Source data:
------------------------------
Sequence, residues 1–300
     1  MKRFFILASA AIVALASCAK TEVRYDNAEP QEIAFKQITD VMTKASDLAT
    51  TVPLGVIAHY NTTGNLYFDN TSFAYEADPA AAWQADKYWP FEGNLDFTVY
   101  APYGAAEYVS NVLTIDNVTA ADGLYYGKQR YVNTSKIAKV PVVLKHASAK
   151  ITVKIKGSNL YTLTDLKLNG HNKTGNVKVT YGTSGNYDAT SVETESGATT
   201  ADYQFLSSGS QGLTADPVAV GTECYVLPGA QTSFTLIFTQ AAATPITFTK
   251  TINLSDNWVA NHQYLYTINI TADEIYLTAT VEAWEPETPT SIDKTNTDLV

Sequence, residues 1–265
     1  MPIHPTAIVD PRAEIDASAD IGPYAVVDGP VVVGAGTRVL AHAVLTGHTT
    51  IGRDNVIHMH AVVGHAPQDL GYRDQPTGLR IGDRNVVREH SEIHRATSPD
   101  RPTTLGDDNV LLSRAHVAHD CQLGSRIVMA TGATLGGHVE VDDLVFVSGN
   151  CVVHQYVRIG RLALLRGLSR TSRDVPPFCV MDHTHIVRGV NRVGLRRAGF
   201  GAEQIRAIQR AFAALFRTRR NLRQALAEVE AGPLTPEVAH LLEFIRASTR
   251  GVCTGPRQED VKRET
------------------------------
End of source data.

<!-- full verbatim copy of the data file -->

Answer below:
Sequence, residues 1–300
     1  MKRFFILASA AIVALASCAK TEVRYDNAEP QEIAFKQITD VMTKASDLAT
    51  TVPLGVIAHY NTTGNLYFDN TSFAYEADPA AAWQADKYWP FEGNLDFTVY
   101  APYGAAEYVS NVLTIDNVTA ADGLYYGKQR YVNTSKIAKV PVVLKHASAK
   151  ITVKIKGSNL YTLTDLKLNG HNKTGNVKVT YGTSGNYDAT SVETESGATT
   201  ADYQFLSSGS QGLTADPVAV GTECYVLPGA QTSFTLIFTQ AAATPITFTK
   251  TINLSDNWVA NHQYLYTINI TADEIYLTAT VEAWEPETPT SIDKTNTDLV

Sequence, residues 1–265
     1  MPIHPTAIVD PRAEIDASAD IGPYAVVDGP VVVGAGTRVL AHAVLTGHTT
    51  IGRDNVIHMH AVVGHAPQDL GYRDQPTGLR IGDRNVVREH SEIHRATSPD
   101  RPTTLGDDNV LLSRAHVAHD CQLGSRIVMA TGATLGGHVE VDDLVFVSGN
   151  CVVHQYVRIG RLALLRGLSR TSRDVPPFCV MDHTHIVRGV NRVGLRRAGF
   201  GAEQIRAIQR AFAALFRTRR NLRQALAEVE AGPLTPEVAH LLEFIRASTR
   251  GVCTGPRQED VKRET